Tags: fat | women | weight | hormone

Fat, Hormones Tied to Weight Gain

Monday, 10 September 2012 11:18 AM

A high-fat diet may trigger gender-specific interactions with women’s hormones to boost greater levels of abdominal weight gain than men as they age, new research suggests.
The findings, based on studies of laboratory mice, may explain why women are more likely than men to develop belly fat after eating excess saturated fat – particularly after menopause.
Ohio State University scientists found fatty foods activate an enzyme that leads to the formation of fat in women that accumulates around internal organs and is linked to a higher risk for type 2 diabetes, heart disease and cancer.
When researchers genetically altered the mice in the study by deleting the enzyme – Aldehyde Dehydrogenase 1 – they stayed lean, especially in the abdominal area, even when they continued to eat a lot of fat. The effect was far less significant in males than females. Researchers also noted estrogen suppresses the enzyme's activity, which might explain why postmenopausal women, whose estrogen levels decline, tend to accumulate fat in their bellies.
Researchers said the findings in mice have significant implications for women because the same processes occur in human beings.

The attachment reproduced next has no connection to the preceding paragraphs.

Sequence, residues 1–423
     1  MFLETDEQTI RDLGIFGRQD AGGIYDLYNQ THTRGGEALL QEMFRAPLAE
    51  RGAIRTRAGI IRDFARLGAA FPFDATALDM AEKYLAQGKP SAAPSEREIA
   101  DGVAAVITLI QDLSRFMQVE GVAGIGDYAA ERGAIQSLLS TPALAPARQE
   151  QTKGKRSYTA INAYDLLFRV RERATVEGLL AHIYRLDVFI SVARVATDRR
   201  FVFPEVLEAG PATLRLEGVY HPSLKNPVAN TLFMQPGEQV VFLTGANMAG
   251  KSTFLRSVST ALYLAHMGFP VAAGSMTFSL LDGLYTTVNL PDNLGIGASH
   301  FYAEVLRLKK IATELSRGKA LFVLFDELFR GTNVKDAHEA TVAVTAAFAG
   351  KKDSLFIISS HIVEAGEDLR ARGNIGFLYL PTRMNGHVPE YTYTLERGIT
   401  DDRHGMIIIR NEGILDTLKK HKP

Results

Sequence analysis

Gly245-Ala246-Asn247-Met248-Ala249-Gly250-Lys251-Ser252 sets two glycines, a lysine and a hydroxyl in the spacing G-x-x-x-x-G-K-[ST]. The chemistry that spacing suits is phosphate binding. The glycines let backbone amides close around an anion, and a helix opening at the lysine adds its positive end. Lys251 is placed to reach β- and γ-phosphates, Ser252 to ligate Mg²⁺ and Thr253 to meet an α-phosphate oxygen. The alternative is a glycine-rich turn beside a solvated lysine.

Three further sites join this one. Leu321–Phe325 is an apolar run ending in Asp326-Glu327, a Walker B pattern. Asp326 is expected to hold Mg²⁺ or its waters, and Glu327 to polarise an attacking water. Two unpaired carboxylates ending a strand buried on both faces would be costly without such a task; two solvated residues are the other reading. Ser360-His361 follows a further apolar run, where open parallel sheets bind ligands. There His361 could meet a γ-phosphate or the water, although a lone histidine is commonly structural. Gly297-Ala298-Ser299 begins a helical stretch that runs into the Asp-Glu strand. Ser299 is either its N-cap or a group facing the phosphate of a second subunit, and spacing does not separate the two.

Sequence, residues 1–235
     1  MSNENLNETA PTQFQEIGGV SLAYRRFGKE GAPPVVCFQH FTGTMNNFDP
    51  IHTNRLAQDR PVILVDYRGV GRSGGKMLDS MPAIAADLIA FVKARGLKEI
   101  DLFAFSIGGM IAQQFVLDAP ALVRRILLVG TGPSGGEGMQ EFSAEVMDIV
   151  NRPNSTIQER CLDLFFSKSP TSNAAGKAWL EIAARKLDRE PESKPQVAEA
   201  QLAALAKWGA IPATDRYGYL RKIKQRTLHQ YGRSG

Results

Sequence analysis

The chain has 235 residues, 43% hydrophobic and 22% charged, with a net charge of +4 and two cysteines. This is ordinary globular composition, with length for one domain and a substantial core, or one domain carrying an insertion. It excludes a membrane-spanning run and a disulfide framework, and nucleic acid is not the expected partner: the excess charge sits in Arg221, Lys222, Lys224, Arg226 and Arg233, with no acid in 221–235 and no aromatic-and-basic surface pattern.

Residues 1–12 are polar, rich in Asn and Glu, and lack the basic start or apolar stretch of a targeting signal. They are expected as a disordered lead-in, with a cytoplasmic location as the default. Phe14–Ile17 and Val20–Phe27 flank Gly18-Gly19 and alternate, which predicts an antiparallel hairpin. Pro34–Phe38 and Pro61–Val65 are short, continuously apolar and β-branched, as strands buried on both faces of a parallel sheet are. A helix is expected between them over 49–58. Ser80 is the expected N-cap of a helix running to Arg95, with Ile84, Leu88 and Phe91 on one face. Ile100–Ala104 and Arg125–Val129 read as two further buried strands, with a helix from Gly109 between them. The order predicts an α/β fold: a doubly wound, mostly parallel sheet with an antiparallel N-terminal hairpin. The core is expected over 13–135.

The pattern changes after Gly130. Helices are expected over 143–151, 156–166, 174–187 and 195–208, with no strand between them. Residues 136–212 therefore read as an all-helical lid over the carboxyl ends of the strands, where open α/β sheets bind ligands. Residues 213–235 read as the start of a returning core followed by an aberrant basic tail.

The study, published online in the journal Diabetes, could point the way to new anti-obesity therapies for women based on the enzyme.
"If you asked most people what they believe causes obesity, they would probably say high food consumption and a sedentary lifestyle. But we see that there are genetic factors telling the body what to do with fat," said lead researcher Ouliana Ziouzenkova. "A high-fat diet acts on our genetics to make us more fat or less fat. The diet is not powerful enough to do this on its own."

© HealthDay

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A high-fat diet interacts with women's hormones to boost belly weight as they age.
Monday, 10 September 2012 11:18 AM
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